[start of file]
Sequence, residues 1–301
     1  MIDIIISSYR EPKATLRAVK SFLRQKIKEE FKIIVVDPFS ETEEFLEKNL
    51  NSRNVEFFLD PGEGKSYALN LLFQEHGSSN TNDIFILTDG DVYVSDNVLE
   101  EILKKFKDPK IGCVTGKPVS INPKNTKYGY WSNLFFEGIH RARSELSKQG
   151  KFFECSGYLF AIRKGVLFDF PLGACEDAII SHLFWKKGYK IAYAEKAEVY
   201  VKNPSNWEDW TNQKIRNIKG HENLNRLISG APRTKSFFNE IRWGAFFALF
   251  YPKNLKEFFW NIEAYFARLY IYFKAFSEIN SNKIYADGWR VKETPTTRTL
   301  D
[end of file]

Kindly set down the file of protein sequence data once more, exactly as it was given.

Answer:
Sequence, residues 1–301
     1  MIDIIISSYR EPKATLRAVK SFLRQKIKEE FKIIVVDPFS ETEEFLEKNL
    51  NSRNVEFFLD PGEGKSYALN LLFQEHGSSN TNDIFILTDG DVYVSDNVLE
   101  EILKKFKDPK IGCVTGKPVS INPKNTKYGY WSNLFFEGIH RARSELSKQG
   151  KFFECSGYLF AIRKGVLFDF PLGACEDAII SHLFWKKGYK IAYAEKAEVY
   201  VKNPSNWEDW TNQKIRNIKG HENLNRLISG APRTKSFFNE IRWGAFFALF
   251  YPKNLKEFFW NIEAYFARLY IYFKAFSEIN SNKIYADGWR VKETPTTRTL
   301  D